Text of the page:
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Notes on Gogol’s Old-Fashioned Farmers

The world is all “in an uproar,” says Gogol. And yet here is peace and quiet: the house of the owners of a small village in the Ukraine, with its bright garden full of trees and hanging fruits, and the pleasant smells of cooking and delicious things to eat.

Even the barking of the dogs is peaceful, so lazy are they, basking in the large garden. Even the squeaking of the old doors of the house is pleasant, each one singing its own song as it opens and closes on its ancient hinges.

The peace here is so deep, how could anything disturb it?

Gogol teases us with different tragic ends the tale might take. What if the house burned down? the old man says. But he is just teasing his wife, who is horrified at the thought, and of course the house does not burn down.

Why shouldn’t I go to war again? says the old man. And his wife scolds him for saying such a thing: he would surely be killed immediately, an old man on the battlefield. And his ancient guns would surely burst before they would fire a shot.

But of course he is just teasing his wife again, and the old man will not meet his end in battle.

And then one day tragedy strikes. The old woman has a premonition that she will die, and soon she is buried. The old man cannot understand it. He lifts his eyes and looks about and asks Why? Why have you buried her?

And there is so little to tell after that. The old man weeps, and the narrator sees that these are no longer tears of passion, but signs of “a heart already growing cold.” And when the old man believes he hears his wife’s voice in the garden calling him to the grave, he almost immediately succumbs, and is soon buried in turn.

The What Ifs in any story are interesting: what if the house had burned down? Would the couple have found a new lease of life elsewhere? And what if the old man had gone to war? Would he have perished, and his wife been the one to die of grief? In these What Ifs are the seeds of new stories, new possible worlds that the writer might have created. But more interesting for me, in this story, is the certainty that the wife feels, at that crucial point in the story Gogol has chosen to tell, that she will die. The writer is able to make us feel that we are witnessing something inevitable, an action carried out by Fate upon a helpless mortal. How does he create this effect?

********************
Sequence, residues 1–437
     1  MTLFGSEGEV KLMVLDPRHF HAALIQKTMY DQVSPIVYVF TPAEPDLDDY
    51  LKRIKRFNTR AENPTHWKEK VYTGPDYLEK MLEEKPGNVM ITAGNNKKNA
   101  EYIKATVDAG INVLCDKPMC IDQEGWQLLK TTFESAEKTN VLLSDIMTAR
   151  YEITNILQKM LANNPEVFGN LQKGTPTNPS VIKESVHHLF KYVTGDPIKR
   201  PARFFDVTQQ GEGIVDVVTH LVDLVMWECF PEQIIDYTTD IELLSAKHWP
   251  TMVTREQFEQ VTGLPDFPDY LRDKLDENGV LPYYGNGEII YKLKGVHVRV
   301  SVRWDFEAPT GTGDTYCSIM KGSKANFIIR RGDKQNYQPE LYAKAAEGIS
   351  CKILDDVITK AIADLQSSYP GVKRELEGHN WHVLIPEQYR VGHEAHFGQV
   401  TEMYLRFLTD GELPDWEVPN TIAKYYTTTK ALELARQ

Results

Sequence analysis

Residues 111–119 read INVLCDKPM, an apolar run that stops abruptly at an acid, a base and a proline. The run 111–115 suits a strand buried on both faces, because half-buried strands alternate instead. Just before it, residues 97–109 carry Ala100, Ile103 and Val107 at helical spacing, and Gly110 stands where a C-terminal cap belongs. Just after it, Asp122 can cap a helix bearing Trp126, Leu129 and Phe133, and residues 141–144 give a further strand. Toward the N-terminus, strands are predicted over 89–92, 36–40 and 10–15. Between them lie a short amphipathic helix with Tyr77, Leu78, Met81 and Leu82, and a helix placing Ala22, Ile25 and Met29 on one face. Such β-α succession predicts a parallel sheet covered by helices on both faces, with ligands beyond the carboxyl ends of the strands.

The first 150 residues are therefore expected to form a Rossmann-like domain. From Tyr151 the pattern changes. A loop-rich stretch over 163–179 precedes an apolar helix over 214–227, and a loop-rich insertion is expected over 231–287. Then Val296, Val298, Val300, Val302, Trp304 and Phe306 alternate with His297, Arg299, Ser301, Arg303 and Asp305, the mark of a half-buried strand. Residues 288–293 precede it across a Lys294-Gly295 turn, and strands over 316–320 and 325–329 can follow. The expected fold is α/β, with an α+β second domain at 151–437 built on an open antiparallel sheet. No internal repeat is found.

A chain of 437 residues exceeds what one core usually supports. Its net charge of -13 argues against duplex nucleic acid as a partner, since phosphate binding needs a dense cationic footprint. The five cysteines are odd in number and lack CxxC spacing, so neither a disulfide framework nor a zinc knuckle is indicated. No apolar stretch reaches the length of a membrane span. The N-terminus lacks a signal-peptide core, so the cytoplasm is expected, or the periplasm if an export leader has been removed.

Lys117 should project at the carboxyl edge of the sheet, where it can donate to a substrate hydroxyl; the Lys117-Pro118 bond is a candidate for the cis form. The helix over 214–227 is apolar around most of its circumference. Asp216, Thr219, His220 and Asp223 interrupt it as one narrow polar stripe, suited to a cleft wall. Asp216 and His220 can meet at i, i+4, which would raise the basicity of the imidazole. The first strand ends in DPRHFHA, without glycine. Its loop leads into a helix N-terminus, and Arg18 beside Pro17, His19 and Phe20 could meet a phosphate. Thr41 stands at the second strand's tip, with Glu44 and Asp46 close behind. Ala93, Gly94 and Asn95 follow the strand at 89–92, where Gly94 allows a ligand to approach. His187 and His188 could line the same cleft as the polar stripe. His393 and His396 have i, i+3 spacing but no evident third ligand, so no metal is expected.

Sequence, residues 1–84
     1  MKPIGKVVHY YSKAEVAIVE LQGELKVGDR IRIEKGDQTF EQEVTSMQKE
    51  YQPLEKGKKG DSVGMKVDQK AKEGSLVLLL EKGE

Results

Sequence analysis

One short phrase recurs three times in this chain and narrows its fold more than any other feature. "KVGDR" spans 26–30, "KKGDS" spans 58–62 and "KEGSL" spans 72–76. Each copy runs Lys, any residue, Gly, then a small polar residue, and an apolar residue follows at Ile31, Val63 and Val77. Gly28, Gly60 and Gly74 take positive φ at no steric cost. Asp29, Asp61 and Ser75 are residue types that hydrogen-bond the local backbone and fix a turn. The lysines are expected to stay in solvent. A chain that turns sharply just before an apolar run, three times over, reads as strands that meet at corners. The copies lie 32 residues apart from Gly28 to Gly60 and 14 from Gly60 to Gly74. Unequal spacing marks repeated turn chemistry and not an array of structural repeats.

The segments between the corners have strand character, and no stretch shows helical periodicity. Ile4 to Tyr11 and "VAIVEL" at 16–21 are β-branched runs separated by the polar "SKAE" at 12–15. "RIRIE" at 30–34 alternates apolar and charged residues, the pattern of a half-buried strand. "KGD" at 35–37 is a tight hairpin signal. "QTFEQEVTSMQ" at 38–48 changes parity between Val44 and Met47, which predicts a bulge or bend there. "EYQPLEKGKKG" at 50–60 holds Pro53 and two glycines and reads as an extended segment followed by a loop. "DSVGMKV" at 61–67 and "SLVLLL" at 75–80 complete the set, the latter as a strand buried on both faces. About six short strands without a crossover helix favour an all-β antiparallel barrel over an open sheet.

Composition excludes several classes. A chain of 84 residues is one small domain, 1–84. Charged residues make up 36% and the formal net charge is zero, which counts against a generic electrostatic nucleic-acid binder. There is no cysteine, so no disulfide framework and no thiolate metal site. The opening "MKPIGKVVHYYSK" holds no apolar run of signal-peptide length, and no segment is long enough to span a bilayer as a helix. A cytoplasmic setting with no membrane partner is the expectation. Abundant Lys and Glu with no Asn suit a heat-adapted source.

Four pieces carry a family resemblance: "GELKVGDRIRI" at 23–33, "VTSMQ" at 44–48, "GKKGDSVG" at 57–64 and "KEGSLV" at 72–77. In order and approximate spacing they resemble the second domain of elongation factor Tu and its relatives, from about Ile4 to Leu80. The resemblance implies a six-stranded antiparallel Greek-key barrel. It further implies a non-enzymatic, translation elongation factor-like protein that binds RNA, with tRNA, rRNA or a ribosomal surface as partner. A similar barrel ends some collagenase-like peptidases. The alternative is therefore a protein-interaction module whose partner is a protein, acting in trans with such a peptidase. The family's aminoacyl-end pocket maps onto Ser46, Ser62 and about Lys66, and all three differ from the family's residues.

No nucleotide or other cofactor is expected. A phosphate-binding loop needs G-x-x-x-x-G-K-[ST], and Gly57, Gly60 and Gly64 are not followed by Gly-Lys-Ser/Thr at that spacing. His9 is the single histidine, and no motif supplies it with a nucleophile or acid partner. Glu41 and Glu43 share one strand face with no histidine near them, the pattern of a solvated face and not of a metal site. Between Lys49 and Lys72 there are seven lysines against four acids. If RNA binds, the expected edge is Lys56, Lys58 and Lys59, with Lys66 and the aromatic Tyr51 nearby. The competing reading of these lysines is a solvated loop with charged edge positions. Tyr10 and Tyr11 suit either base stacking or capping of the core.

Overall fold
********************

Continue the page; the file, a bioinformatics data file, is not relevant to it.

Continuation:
It is an incident with her cat that speaks as a sign to the old woman. The cat goes missing, running away to live with the wild cats in the wood nearby. And then days later the cat returns half starved. The old woman feeds it, but when she reaches down to touch the cat it runs off: it has become an entirely wild creature now. It is this that she takes as a sign that death has come for her.

I don’t understand why the cat is a sign of death in this story. Perhaps a Ukrainian or Russian reader of the time would have understood. What is important for me is the certainty with which she reads the sign: it speaks to her directly. And the seemingly arbitrary form that the sign takes heightens this effect for me: the message appears as something just for her, something unique. We have no option but to believe that the woman has read something of Fate in the incident. I imagine how much weaker the effect would have been if something that was to me more recognisably unlucky had happened, like a black cat crossing her path, or a mirror breaking. Her belief, in its dreary familiarity, might have seemed superstitious and ill-conceived. Comical even. As it was, she could only have read this highly original sign of the disappearing cat through some definite and highly personal means, written as it was just for her.

It’s this application of the unique and concrete that gives the story its power. The cat must be a sign: so the old woman tells us. I have nothing to compare it to, this unique event, and so it speaks for itself of the mysteries of the universe. And so the power of mystery is given concrete form in Gogol’s expert attention to detail.

(I’ve been reading “Old-Fashioned Farmers” in The Overcoat and Other Short Stories by Nikolai Gogol. The translation was published by Dover Thrift Editions.)

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Notes on Gogol’s The Overcoat

Gogol’s The Overcoat is a story of a lowly government official in Tsarist Russia. His job is to copy out documents.

There’s a curious ambiguity in the narrator’s feelings for the official: on the one hand he is described as miserable: as a new-born he cried “as though he foresaw that he was to be a titular councillor.” On the other hand, when we see the man grown up there is no denying that he is content in the limited life he leads, and he is passionate about his job, having a special love for some of the words he copies, and dreaming about lines of text even when he is out on the street, so that he feels he is copying even when he is away from his desk. In sum, he is a ridiculous character, but the narrator hints that perhaps it is not so bad to be ridiculous in this way.

He is a man who lives an unassuming, solitary life. An absurd life, we might say, since it seems so devoid of meaning: his mind is only ever occupied with whatever work is put in front of him by other people, and he seems never to have pondered the meaning of life, let alone taken any steps towards wresting control of his life from the hands of others and evaluating it for himself.